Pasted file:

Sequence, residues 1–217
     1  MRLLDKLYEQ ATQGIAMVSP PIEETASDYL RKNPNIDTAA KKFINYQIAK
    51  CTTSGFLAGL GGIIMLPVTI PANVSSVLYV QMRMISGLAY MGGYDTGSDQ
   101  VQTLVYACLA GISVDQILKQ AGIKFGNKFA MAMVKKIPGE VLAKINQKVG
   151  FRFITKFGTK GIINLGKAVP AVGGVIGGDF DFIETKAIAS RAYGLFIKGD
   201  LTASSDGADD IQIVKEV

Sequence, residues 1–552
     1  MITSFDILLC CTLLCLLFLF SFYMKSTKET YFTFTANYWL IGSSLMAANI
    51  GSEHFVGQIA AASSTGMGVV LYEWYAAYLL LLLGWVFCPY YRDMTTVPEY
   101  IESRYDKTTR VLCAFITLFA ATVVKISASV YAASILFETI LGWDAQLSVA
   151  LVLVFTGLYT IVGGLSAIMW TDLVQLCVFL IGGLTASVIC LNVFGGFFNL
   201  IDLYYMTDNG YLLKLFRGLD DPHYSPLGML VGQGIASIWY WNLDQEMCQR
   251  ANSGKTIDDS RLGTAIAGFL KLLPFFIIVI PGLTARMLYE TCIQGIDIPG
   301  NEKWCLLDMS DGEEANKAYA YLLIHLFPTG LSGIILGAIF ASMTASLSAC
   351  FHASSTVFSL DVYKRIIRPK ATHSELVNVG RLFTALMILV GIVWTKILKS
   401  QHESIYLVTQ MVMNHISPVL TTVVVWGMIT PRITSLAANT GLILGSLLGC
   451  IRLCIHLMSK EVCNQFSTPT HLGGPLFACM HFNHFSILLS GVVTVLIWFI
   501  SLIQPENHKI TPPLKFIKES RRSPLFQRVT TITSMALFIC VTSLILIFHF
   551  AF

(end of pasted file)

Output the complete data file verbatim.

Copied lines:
Sequence, residues 1–217
     1  MRLLDKLYEQ ATQGIAMVSP PIEETASDYL RKNPNIDTAA KKFINYQIAK
    51  CTTSGFLAGL GGIIMLPVTI PANVSSVLYV QMRMISGLAY MGGYDTGSDQ
   101  VQTLVYACLA GISVDQILKQ AGIKFGNKFA MAMVKKIPGE VLAKINQKVG
   151  FRFITKFGTK GIINLGKAVP AVGGVIGGDF DFIETKAIAS RAYGLFIKGD
   201  LTASSDGADD IQIVKEV

Sequence, residues 1–552
     1  MITSFDILLC CTLLCLLFLF SFYMKSTKET YFTFTANYWL IGSSLMAANI
    51  GSEHFVGQIA AASSTGMGVV LYEWYAAYLL LLLGWVFCPY YRDMTTVPEY
   101  IESRYDKTTR VLCAFITLFA ATVVKISASV YAASILFETI LGWDAQLSVA
   151  LVLVFTGLYT IVGGLSAIMW TDLVQLCVFL IGGLTASVIC LNVFGGFFNL
   201  IDLYYMTDNG YLLKLFRGLD DPHYSPLGML VGQGIASIWY WNLDQEMCQR
   251  ANSGKTIDDS RLGTAIAGFL KLLPFFIIVI PGLTARMLYE TCIQGIDIPG
   301  NEKWCLLDMS DGEEANKAYA YLLIHLFPTG LSGIILGAIF ASMTASLSAC
   351  FHASSTVFSL DVYKRIIRPK ATHSELVNVG RLFTALMILV GIVWTKILKS
   401  QHESIYLVTQ MVMNHISPVL TTVVVWGMIT PRITSLAANT GLILGSLLGC
   451  IRLCIHLMSK EVCNQFSTPT HLGGPLFACM HFNHFSILLS GVVTVLIWFI
   501  SLIQPENHKI TPPLKFIKES RRSPLFQRVT TITSMALFIC VTSLILIFHF
   551  AF